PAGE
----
Lord of the Rings fans span the globe for good reason. It’s a great story that interests and informs. The underlying theme of course is the ring of power – the ring that controls all other rings – the one that everyone wants to master. Last week we talked about employee handbooks and today we’re going to take that a step further and apply some of the wisdom of The Lord of the Rings to that very subject. Enjoy!
We’re not looking for ultimate power over our employees, but we are looking for a roster of the basic rules and procedures to keep employees safe, work flowing and the workplace appropriate. The foundation of this system is your employee handbook but its mere existence will be meaningless if there’s not follow through to make sure staff get it, understand it and agree to abide by it.
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If Gandalf was running your human resources department, I like to think he’d say it like this:One handbook to rule them all, One employee roster to find them, One acknowledgment they all must sign that will legally bind them…
You can create the best employee handbook ever written. It can be a masterpiece that’s the corporate rule book equivalent of Tolkien’s epic, but if no one reads it or agrees to abide by it, it may as well be written on a roll of tissue in the employee restroom. So what should you do to make sure your handbook serves its function and you don’t end up in the fires of Mount Doom (a.k.a. a lawsuit that could have been prevented)?
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You need the ultimate ring – the one that will legally bind them… In the books and movies, Frodo the Hobbit held the ring of power. In your HR department, you hold the document of power: the employee handbook acknowledgment form. You create your handbook, you take your staff roster in hand and you take your scroll (ahem – I mean your acknowledgment form) and you get one signed by each and every staffer.
And any time you make a change to that handbook – you repeat the process. Sound like a hassle? It’s better than hunting for a new job after you lost yours because you didn’t follow procedure and your company got sued! And if a scruffy band of Hobbits can trek across Mordor, you can certainly make it around to a few cubicles.
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And like the Hobbits, you’ll likely encounter a few trolls and Gollum-like staffers along the way who want to be difficult about signing the acknowledgment, but you’ve got to be resolute and get them signed. They should know it’s a condition of employment and that it’s simply not optional.
But if an employee persists with refusing to sign the form and you don’t want to terminate the reluctant staffer, get a witness (from HR or management) and write on their form “Employee refused to sign acknowledgment, but was provided the handbook and told they are expected to abide by policies.” Sign and date it and have the witness do the same. This will substantiate that the employee was provided the handbook and that they were aware they were expected to abide by its contents.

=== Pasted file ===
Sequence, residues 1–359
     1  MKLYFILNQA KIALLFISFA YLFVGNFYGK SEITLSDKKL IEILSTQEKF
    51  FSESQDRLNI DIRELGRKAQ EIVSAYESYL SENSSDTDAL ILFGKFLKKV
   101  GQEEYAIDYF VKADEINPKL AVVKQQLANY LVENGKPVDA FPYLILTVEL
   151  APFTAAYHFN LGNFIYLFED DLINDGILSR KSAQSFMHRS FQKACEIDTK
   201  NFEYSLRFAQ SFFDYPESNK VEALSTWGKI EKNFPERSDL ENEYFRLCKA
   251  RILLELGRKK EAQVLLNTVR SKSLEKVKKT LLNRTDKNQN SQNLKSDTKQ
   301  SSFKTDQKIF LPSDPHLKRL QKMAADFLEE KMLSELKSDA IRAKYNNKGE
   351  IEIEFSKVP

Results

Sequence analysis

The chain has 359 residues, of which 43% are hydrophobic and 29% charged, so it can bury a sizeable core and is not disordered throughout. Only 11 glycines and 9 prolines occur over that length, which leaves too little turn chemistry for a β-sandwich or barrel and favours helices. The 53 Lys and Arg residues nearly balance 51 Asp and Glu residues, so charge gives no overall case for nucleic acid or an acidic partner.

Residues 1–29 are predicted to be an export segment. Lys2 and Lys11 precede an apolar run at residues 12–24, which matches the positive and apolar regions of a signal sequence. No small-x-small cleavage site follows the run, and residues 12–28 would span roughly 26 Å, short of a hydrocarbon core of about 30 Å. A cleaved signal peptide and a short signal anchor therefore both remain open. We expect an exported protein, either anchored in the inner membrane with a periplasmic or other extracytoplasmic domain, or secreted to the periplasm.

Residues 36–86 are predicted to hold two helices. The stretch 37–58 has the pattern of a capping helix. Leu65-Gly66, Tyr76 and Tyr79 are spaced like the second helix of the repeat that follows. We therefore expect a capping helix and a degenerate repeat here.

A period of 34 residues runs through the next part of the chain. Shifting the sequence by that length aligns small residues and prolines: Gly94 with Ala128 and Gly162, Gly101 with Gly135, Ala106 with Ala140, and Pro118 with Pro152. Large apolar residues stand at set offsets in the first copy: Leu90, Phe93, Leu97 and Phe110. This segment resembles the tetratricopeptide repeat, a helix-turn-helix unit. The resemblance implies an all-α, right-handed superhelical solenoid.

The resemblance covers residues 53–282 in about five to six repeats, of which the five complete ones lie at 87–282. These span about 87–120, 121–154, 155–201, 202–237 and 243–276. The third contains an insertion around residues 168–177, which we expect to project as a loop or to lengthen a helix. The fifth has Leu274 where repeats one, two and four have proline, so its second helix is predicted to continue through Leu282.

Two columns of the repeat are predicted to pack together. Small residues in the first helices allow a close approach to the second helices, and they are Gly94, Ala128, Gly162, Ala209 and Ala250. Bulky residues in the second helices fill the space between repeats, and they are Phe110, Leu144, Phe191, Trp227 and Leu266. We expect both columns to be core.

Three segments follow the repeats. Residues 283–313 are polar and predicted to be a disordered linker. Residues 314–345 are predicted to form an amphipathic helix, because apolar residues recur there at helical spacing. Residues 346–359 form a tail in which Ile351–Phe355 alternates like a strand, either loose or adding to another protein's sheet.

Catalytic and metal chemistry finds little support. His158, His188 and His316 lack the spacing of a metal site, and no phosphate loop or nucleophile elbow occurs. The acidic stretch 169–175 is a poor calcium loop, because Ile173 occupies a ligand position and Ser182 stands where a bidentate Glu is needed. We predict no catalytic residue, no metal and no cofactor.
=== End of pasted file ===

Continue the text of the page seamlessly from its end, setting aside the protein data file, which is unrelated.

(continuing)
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You’ll want to consult your employment practices counsel for the exact phrasing of your form. A caveat: you don’t want to hand over an acknowledgment form that’s as long as Tolkien’s literary work. The form should be brief and to the point (as should your employee handbook).
Below is some sample acknowledgment form language, but yours should be custom created for your company. And while I took artistic license to align with today’s theme, there’s no need to break out the parchment and create customized scrolls for your staff – unless you’re into that kind of thing. And if you are, enjoy our recent blog on HR lessons from Game of Thrones!
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One of the nice things Gandalf has going for him is the ability to call on magic to help him deal with tough situations. But you’ve got something close – the internet and technology – that businesses even a decade ago would envy and consider the work of wizards. You can cobble up plenty of tools to help you create a great employee handbook and acknowledgment form.
But if you’re concerned about legal liabilities associated with the drafting of your employee handbook or language in your acknowledgment form, you may want to consider outsourcing this project to an employment law practice to limit your legal exposure. And if you’re looking for ways to streamline other human resources processes, Jobscience offers a wide array of apps and services to help with HR tracking, data, recruiting, social networking and productivity.